“The parliament should be acting to expand the space for freedom of expression, not enacting laws that will stifle debate and dissent,” said Sharp. “These new rules will also damage Maldivian culture. How can Dhivehi authors flourish when all novels and poetry must pass a board of censors? Maldivian literature will stagnate under these new rules. We hope the president and the parliament of the Maldives will think again.”
WE ARE DRAWN TO THE EXPERIMENTAL, STRONG, EQUAL AND FUN. WE PROMOTE FREEDOM OF EXPRESSION FOR ALL.
Me too. I was delighted to be asked to write for the launch issue (which takes ‘The Body’ as its theme) on the censorship of art and culture. My article takes in erotica, Google algorithms, 3D models of vaginas, Instagram’s terms & conditions, and Rupert Bear’s penis.
Yesterday’s news carried reports that the government may act to criminalise ‘revenge porn’. This is when an angry, jilted person posts private, explicit photographs of their ex-lover online.
At the moment, those who have been exposed in this way can try suing for a breach of privacy in the civil courts, but it’s not currently a criminal offence. For something to constitute ‘harassment’ it has to be a pattern of behaviour, which does not capture the one-off posting of consensual photographs. Continue reading →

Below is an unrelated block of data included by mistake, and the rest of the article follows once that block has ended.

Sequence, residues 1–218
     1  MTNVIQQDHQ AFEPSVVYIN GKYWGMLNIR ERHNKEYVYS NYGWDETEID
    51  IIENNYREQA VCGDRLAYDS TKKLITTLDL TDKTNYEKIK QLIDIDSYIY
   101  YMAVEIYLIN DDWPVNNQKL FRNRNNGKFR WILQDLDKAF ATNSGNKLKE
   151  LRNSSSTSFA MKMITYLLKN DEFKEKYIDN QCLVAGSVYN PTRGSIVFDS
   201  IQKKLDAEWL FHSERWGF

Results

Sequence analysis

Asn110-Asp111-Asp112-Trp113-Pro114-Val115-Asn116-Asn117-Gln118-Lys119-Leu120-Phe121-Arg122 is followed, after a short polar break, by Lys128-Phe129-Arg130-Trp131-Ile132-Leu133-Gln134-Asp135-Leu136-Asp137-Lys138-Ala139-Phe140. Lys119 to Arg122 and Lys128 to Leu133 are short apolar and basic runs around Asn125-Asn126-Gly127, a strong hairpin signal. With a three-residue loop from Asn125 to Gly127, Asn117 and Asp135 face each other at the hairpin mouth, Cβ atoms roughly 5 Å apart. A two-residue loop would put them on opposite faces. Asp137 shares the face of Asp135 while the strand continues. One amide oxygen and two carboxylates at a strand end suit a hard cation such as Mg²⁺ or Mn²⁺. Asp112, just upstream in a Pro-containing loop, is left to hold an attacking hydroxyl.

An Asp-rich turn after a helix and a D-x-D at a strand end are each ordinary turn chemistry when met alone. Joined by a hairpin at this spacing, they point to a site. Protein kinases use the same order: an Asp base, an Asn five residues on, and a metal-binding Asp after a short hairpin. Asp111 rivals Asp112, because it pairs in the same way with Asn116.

On Tuesday I was quoted in a Belfast Telegraphreport on the rise of super-injunctions in Northern Ireland. Super-injunctions, you will recall, are those special types of gagging-order where the judge not only stops you from reporting certain facts, but also bars you from even telling anyone you’ve been censored. As a rule of thumb, this tends to be a bad thing. Continue reading →
Vladimir Putin has this week signed into a law some measures to ban swearing in films, books and music. Films with obscene content will not be granted a distribution certificate and exisiting books and music with foul language will have to be sold in special wrapping.
I spoke to Alison Flood of the Guardian about the new law, and what it says about the state of Russian politics: